• October 10: The entire episode is devoted to a Missouri farmer named Floyd Stiles, who along with his wife, Zola Mae Stiles, is flown in from Collins, Missouri specifically for the show's "Floyd Stiles Day" broadcast.
  • October 22: Winners of the "have The David Letterman Show in your own home" contest are featured in a special episode taped in Cresco, Iowa.
  • October 24: The final show. Crew members' resumes are shown as bumpers leading into and out of commercials.

The final weeks of the show received particular acclaim. Esquire noted, "He cut loose with his own jokes until they had a 2:00 a.m. comedy-club edge. He reached for his emergency weapons. Let go, he let go. By the beginning of October, audiences were packing themselves into the studio." College boys hitched cross-country with petitions to save him. Some Long Island housewives threatened to block Manhattan traffic until the network relented.[7][8]

For the next year, NBC paid him $1,000,000 ($20,000 a week) to do nothing except not work for someone else without their permission, which included guest-hosting The Tonight Show Starring Johnny Carson on multiple occasions. Letterman's next program, Late Night premiered on February 1, 1982, replacing Tom Snyder's Tomorrow program.[9][7]

Episode status[edit]

Approximately 83 episodes (of the 90 produced) are held in the archives of Letterman's production company, Worldwide Pants; a brief clip from the finale was shown on Letterman's 15th anniversary show in 1997, and similarly brief clips from several episodes were featured as interstitials on the Late Show's final episode in 2015. Some episodes are available for on-site viewing at the Paley Center for Media in New York.[10] In 2022, Letterman started releasing interviews from this program (in addition to his later shows) on his official YouTube channel, after longtime Letterman-archivist Don Giller did this on his own fan channel.[11]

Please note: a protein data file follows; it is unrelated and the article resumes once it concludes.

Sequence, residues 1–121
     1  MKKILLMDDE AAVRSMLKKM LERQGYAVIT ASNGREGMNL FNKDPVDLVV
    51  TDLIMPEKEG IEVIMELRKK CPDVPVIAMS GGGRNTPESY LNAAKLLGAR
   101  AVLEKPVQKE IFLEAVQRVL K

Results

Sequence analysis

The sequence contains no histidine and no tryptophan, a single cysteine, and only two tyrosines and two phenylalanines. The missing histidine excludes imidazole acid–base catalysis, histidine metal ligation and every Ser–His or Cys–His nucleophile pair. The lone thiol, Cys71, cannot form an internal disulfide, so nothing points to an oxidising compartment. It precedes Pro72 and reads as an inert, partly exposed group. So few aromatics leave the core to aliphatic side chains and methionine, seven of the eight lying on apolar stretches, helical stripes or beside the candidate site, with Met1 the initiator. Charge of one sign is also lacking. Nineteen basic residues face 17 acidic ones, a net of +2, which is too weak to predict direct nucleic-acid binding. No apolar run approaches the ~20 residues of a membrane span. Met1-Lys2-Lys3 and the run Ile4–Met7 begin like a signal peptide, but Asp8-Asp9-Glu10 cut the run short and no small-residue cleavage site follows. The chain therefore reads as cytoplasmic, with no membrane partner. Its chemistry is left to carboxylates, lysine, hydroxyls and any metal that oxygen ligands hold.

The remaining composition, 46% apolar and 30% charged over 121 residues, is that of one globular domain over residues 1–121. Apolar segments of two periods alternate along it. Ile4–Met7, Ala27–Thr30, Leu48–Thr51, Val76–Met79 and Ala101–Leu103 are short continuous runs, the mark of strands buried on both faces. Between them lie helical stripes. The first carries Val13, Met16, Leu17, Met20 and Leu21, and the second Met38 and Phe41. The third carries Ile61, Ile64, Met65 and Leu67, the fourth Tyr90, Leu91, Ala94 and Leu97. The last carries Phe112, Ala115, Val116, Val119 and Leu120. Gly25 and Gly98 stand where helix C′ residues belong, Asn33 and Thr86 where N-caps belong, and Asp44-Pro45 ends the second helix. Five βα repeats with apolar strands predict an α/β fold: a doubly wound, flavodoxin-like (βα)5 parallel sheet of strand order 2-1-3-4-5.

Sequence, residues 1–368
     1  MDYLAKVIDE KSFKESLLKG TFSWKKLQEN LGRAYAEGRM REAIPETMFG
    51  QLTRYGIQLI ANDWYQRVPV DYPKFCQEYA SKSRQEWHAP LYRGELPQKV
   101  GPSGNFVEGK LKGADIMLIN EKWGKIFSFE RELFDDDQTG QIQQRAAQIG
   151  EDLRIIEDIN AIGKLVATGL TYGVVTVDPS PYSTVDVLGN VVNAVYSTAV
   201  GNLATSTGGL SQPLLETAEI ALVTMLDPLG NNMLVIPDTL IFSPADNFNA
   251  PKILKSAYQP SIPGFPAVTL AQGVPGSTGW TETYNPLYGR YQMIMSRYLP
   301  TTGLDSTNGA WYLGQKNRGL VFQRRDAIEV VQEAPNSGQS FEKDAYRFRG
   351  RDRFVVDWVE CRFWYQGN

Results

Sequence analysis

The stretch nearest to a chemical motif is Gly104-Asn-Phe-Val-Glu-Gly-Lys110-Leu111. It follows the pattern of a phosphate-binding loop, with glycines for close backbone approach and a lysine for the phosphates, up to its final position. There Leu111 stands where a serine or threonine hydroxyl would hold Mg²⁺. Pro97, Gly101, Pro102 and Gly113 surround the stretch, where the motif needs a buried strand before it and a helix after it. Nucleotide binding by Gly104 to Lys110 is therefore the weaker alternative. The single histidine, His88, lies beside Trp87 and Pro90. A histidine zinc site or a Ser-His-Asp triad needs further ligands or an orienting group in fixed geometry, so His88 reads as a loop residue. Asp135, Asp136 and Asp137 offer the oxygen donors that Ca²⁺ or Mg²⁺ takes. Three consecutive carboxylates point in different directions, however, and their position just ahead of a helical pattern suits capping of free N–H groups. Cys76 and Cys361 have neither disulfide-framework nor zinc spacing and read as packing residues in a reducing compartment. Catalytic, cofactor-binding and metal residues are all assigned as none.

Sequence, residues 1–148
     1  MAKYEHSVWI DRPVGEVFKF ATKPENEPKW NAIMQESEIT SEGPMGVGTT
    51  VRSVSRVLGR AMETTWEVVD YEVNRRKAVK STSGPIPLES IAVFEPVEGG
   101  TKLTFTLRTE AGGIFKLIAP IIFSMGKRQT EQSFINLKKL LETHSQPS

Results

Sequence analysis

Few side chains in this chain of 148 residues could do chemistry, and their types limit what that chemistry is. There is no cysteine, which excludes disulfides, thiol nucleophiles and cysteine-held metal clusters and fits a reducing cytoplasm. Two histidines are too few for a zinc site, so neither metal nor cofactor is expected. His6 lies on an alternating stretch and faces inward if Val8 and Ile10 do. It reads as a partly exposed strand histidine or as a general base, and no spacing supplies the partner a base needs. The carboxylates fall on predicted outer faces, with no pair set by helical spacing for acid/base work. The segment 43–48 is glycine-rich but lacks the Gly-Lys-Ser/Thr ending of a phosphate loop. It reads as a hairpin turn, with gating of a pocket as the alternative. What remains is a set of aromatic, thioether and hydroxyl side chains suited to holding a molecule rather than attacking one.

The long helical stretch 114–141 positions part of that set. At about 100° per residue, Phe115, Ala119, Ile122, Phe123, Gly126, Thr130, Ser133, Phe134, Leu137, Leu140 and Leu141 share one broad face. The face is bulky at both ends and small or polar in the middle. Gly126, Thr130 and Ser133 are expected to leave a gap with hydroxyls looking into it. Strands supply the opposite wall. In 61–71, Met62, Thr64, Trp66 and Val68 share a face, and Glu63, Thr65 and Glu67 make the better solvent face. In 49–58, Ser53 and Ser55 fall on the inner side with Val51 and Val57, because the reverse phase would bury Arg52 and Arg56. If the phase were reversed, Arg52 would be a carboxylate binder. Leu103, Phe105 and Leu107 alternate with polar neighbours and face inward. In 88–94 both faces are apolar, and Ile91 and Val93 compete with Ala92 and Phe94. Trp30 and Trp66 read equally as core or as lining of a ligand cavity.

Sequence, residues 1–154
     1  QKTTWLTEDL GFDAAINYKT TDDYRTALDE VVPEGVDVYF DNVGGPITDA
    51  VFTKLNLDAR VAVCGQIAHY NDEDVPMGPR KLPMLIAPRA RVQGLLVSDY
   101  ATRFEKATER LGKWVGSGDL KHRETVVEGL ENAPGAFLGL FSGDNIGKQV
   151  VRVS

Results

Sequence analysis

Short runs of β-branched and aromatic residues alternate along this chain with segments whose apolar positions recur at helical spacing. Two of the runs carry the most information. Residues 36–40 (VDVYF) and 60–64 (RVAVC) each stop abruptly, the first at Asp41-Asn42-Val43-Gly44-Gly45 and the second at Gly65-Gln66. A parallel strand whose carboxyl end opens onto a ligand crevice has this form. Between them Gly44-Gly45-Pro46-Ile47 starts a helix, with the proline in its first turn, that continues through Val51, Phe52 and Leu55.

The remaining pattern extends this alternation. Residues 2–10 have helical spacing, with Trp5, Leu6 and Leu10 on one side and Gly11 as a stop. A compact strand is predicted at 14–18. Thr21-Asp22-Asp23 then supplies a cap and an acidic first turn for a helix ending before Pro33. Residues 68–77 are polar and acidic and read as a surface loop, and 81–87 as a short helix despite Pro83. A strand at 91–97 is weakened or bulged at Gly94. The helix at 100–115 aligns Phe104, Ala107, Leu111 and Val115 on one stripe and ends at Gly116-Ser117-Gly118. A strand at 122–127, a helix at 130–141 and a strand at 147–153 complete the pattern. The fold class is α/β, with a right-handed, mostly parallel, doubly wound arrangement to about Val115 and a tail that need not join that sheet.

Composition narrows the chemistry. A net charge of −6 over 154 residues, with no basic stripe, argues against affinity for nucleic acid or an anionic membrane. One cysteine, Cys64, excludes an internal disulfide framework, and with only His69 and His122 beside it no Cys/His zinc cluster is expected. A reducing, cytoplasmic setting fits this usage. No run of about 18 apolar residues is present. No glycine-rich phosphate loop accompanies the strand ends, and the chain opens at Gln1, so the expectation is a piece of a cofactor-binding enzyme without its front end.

1. ^ a b "Let's Not Forget David Letterman's Hilarious, Innovative Morning Show". Esquire. 2015-05-12. Retrieved 2017-10-13.
  2. ^ "David Letterman, celebrated late-night TV host, receives U.S. humor prize". Reuters. October 23, 2017. Retrieved November 4, 2021.
  3. ^ Du Brow, Rick (June 4, 1994). "Good Night to Late-Night Guest Hosts : Television: In the Carson era, substitutes regularly sat in. Although 'Nightline' sometimes goes without Ted Koppel, the fight between David Letterman and Jay Leno is head-to-head". Los Angeles Times. Retrieved November 4, 2021.
  4. ^ Moyer, Justin (May 20, 2015). "Why David Letterman is among television history's biggest losers". The Washington Post. Nash Holdings. Retrieved November 5, 2021.
  5. ^ Poniewozik, James. "David Letterman, Infinite Jester". Time. Retrieved November 4, 2021.
  6. ^ "Daytime Emmy Awards (1981)". IMDb. Retrieved 28 Dec 2023.
  7. ^ a b Kaplan, Peter W. (December 1981). "David Letterman, the Vicepresident of Comedy". Esquire.
  8. ^ The David Letterman Show (NBC), October 20, 1980, archived from the original on 2021-12-21
  9. ^ Schwartz, Tony (10 November 1981). "Letterman Replacing Snyder". The New York Times. New York Times. Retrieved 24 September 2021.
  10. ^ "The Paley Center for Media". Retrieved 2013-10-09.
  11. ^ Tapp, Tom (2 February 2022). "Watch David Letterman's Return to 'Late Night' For Show's 40th Anniversary As Trove Of Classic Clips Drops On YouTube".

External links[edit]